Alcohol use can lead to impaired decision making and risky behavior, but emerging adults generally perceive the short-term outcomes of alcohol use positively. Similarly, although sexual behavior can lead to unwanted outcomes such as pregnancy and STIs, emerging adults view sex as predominantly positive. Thus, emerging adulthood is a period of exploration and heightened risk-taking, when alcohol use and sexual behavior are normative, but present potential negative consequences. Residential colleges in particular provide an environment that encourages heavy drinking and sexual exploration. However, this contrast between potential negative consequences and emerging adults’ positive perceptions of alcohol use and sexual behavior presents a challenge to creating relevant and effective prevention programming to reduce alcohol-related sexual experiences, or to minimize their harm.
In this paper, we considered college students’ perceptions of how their own alcohol use is linked to their sexual experiences. We used open-ended questions to understand whether college students perceived these sex-related risks of alcohol use, and, more broadly, their most salient perceptions of the links between alcohol use and sexual experiences.
In their opened-ended responses, the most common theme was that alcohol was associated with sexual arousal, pleasure, and/or performance. The second most common theme was to explicitly state that their alcohol use and sexual feelings were not associated. Discussing alcohol’s influence on sexual behavior in particular was the next most common theme, but rarely considered aspects of risky behavior. Sexual assertiveness and/or sexual decision making were mentioned by less than 10% of participants. Only two participants’ responses were coded as indicating that alcohol use was associated with sexual aggression, and neither response clearly indicated that the participant had been the perpetrator or victim of a sexual assault. Finally, no participants mentioned condoms, contraception, or STDs.
In terms of gender differences, more women than men described alcohol as relating to sexual arousal, pleasure, or performance. There were also differences by recent heavy drinking. In particular, recent heavy drinkers were less likely to state that alcohol and sex were not related, more likely to see alcohol use as related to sexual arousal, pleasure, or performance, and more likely to see alcohol use as related to sexual behavior, than students who did not recently drink heavily.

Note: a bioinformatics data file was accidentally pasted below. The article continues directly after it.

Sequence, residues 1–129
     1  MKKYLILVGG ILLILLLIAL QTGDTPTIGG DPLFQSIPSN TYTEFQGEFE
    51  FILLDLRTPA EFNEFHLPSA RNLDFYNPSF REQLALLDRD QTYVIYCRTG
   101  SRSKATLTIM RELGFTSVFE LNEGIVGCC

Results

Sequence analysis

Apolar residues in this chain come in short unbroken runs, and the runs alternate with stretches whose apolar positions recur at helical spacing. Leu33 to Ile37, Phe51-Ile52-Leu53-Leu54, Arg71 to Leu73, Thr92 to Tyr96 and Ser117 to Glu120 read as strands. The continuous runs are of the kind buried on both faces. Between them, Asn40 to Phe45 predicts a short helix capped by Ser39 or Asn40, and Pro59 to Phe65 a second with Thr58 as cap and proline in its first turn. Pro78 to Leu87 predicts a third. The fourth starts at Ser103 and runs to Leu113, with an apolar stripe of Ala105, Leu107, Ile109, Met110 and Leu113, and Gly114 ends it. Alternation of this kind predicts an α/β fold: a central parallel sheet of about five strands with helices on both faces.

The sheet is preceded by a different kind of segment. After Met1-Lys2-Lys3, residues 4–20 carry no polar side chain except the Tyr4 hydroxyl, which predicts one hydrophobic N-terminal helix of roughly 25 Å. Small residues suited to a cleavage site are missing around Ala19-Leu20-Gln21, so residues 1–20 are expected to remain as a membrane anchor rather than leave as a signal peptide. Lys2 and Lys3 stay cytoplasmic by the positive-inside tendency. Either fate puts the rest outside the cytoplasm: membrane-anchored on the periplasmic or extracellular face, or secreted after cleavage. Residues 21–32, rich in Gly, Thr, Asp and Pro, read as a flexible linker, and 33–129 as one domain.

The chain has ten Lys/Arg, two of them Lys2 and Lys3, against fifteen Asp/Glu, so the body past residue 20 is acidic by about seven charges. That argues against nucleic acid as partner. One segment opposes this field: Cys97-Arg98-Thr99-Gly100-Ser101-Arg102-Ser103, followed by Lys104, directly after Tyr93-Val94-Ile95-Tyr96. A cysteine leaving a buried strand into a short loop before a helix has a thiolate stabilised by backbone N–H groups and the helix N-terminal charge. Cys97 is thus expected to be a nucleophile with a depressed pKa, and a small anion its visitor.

Even though we know empirically that alcohol use increases sexual risk outcomes, students in this study did not spontaneously report such outcomes, suggesting that unprotected sex and sexual aggression are not a salient part of their conceptualization of alcohol use’s influence on sex at this developmental stage. In addition, our participants clearly viewed alcohol as a social lubricant that increases disinhibition. Alcohol myopia theory posits that after consuming alcohol, individuals will focus only on proximal cues and ignore more distal ones. If alcohol-induced myopia is caused by decreased cognitive capacity to consider all pertinent information, particularly more distal and abstract goals such as health maintenance or general well-being, then myopia should be primarily present while drinking. Myopia should not be present the following day when students are sitting at a computer while presumably sober describing their experiences. However, students also evidenced myopia in their responses, describing increased arousal, increased disinhibition, and increased experiences with sexual behavior, with little mention of negative outcomes. Thus, alcohol myopia may not only be a result of decreased cognitive capacity, but may be due to students’ own orientations or personal framing around how they prefer to consider alcohol’s influence on sexual experiences.
This study demonstrates one of the difficulties of developing successful interventions for alcohol use and sexual behavior among college students: students either do not perceive a link between these behaviors, or perceive the link as positive. People who design prevention and sexuality education efforts must consider emerging adults’ positive attitudes toward experimentation and risk-taking, including alcohol use and sexual behavior. Finally, our results suggest that young women may use alcohol’s known role as a social lubricant to enhance or provide permission for their sexual desire and/or arousal. Comprehensive sexuality education, preferably before college, should consider teaching women that having sexual feelings and desires is natural. Such education may make women less likely to rely on heavy drinking to validate or excuse their sexual desires, and thus aid them to be better equipped to make decisions about sexual behaviors that are consistent with both their short-term and long-term goals.
“College Students Mostly Perceive Alcohol’s Influence on Sex as Positive first appeared on Eva Lefkowitz’s blog on June 26, 2018.”